Merryl Tschoepe would bounce all over the place if not for the tightly packed tables of children’s clothes that are filling the Seventh-day Adventist Fellowship Hall to the brim. She’s just that full of energy.
On Friday, Tschoepe will open the doors to one of only four free shopping days at God’s Closet. By closing time at 2 p.m. as many as 600 families will have taken home bags full of children’s clothes.
“We charge $1 for a family to get in,” said Tschoepe, who’s the founder and director of God’s Closet. “I would love for it to be completely free, but like everyone else we do have expenses. That $1 takes care of that.”
At the last free shopping day in May, 390 families found clothing for their children at God’s Closet.
Organized on big tables are sweaters, pants, shirts and other clothing items for boys and girls in sizes newborn to 18 years old. Under the tables are children’s shoes and sandals.
“Our major donor is Other Mother’s North, but we also get clothes from Other Mother’s South and from Once Upon a Child,” Tschoepe said. Those are all secondhand stores and Tschoepe explains that God’s Closet helps make sure leftover clothing reaches children who need it. “Some secondhand stores just throw out the stuff they can’t sell.”
Everything at God’s Closet is clean and whole.
Clothing that’s damaged or torn is collected in separate bins and donated to a place that cleans and recycles clothing – nothing is thrown out.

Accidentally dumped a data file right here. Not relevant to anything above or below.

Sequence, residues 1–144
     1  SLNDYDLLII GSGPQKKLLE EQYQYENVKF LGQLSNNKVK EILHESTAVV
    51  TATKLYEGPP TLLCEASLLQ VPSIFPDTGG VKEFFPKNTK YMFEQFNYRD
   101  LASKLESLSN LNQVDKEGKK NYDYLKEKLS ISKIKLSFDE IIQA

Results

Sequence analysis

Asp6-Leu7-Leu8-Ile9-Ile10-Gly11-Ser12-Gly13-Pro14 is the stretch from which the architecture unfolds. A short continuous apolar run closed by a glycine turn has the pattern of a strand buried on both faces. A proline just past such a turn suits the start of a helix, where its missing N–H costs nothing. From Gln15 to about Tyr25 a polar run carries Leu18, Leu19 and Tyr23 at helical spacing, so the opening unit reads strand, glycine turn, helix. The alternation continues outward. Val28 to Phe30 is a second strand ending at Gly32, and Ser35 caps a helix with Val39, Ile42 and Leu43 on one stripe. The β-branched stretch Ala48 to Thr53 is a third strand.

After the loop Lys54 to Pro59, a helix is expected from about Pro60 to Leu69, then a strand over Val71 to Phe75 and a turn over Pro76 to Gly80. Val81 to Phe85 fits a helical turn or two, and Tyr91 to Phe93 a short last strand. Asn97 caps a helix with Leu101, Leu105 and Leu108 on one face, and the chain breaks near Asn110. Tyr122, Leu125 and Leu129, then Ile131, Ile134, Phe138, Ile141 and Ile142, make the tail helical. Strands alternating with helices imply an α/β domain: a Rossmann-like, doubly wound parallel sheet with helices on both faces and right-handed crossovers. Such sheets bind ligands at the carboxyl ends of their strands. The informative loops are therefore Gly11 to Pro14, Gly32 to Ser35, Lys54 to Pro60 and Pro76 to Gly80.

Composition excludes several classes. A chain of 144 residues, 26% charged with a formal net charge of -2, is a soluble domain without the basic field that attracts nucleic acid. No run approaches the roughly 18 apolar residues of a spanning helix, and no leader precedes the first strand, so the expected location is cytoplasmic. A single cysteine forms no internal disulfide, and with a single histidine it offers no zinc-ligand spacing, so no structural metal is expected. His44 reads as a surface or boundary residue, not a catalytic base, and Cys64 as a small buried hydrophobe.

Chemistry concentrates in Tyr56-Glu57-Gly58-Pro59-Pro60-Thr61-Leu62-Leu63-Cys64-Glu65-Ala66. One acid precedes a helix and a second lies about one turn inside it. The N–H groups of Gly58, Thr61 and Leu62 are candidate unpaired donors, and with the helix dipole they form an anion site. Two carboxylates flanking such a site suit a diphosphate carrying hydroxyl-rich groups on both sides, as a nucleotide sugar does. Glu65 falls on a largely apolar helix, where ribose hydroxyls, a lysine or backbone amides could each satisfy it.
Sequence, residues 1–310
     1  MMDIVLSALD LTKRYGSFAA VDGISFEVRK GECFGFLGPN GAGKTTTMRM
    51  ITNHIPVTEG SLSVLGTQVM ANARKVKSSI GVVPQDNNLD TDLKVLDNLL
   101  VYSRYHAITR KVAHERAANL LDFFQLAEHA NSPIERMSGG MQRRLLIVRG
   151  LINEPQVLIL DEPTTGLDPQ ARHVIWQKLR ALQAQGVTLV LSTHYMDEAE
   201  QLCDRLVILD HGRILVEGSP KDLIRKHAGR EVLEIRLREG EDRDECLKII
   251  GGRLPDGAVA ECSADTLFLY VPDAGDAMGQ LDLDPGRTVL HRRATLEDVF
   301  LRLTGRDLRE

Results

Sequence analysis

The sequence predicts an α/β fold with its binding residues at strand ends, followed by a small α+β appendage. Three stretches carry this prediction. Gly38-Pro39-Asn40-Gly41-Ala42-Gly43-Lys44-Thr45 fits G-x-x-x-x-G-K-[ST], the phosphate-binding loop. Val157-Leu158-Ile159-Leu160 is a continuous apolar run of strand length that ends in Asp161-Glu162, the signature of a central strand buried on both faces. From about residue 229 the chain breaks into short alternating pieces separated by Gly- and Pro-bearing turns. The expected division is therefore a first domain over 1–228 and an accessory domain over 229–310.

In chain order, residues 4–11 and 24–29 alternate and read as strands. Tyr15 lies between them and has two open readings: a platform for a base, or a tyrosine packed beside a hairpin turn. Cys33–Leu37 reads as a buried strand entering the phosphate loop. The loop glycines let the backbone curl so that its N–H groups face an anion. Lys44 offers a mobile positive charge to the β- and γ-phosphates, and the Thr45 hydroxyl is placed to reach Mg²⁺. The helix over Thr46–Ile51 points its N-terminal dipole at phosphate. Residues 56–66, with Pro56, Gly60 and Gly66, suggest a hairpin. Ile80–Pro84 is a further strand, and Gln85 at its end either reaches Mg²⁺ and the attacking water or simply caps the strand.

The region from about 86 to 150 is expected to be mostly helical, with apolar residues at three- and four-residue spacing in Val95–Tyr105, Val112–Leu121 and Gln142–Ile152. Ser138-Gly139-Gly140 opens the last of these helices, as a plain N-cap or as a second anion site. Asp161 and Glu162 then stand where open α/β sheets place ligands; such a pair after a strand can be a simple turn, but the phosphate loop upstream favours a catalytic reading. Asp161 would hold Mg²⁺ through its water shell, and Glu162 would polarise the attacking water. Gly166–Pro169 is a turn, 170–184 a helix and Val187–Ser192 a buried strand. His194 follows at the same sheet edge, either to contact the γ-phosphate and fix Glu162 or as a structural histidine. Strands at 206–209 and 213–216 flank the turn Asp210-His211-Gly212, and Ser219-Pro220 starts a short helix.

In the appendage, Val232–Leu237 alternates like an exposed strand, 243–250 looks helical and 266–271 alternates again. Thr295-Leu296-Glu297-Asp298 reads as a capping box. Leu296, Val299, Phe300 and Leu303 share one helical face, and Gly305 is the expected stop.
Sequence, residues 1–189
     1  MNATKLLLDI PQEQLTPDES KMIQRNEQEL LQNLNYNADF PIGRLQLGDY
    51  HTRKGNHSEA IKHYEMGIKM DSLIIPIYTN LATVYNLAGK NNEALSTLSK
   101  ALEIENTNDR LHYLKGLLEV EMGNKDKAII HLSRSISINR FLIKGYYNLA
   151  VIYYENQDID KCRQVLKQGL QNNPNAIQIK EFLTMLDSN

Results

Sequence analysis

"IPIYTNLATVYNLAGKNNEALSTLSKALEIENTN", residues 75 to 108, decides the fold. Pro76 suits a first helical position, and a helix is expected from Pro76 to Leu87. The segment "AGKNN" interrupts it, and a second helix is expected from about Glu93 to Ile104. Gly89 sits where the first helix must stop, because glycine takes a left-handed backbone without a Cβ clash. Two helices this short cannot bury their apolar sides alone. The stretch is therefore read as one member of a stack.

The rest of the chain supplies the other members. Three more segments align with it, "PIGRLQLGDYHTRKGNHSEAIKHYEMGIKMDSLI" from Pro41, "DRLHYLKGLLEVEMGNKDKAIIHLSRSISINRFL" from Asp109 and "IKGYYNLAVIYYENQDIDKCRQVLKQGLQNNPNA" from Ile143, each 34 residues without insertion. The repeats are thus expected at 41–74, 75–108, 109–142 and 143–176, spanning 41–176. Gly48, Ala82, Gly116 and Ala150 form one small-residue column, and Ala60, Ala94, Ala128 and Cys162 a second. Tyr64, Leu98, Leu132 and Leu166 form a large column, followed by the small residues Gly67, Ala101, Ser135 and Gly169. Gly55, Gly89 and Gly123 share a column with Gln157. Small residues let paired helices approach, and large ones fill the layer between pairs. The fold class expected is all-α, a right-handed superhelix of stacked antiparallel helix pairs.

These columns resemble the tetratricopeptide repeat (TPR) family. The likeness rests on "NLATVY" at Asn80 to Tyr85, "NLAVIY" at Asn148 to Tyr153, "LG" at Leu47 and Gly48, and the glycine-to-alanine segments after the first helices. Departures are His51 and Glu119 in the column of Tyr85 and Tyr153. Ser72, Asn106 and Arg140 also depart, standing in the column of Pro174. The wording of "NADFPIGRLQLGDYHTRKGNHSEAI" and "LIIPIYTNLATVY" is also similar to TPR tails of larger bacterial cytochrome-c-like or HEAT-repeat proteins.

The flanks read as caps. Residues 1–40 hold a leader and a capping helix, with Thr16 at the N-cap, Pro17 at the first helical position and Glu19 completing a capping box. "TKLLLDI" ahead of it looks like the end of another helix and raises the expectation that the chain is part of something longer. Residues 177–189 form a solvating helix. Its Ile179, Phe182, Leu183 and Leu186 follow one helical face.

“I guess we are good for the environment, too,” Tschoepe said.
She got the idea for God’s Closet while she was a foster mom. A nonprofit offered a monthly free clothes shopping day to foster parents, such a welcome source of clothes for Tschoepe that she brought another mom along. Tschoepe didn’t think it was a big deal that the mom was not a foster parent.
“After we were done getting the clothes, I got chewed out for bringing her,” Tschoepe said. “And that’s how I got the idea for doing this for just regular parents.”
More than a year passed between the idea and the first God’s Closet free shopping day in 2009.
“I kept waking up in the middle of the night telling God that I couldn’t do this,” Tschoepe said, “but God kept after me. After a year I caved in.”
A core group of 15 volunteers now helps God’s Closet get ready for the four free shopping days every year.
And Upper Columbia Academy sends student volunteers for a sorting day before every event.
“The students are super quick, they really get things done,” Tschoepe said.
God’s Closet doesn’t run out of clothes: Upstairs the tables are brimming with clothes stacked neatly more than a foot deep; downstairs, in the basement, bags full of clothes are piled almost to the ceiling of the furnace room waiting to be sorted.
How much clothing is ready determines how many grocery bags each family gets to fill at the event.
“Last time they left with five or six bags each,” Tschoepe said.
There is another God’s Closet in Vancouver, Wash., and come November there will be a God’s Closet in Deer Park.
“I would like to expand this to Yakima,” Tschoepe said, “but I don’t know where God will lead me.”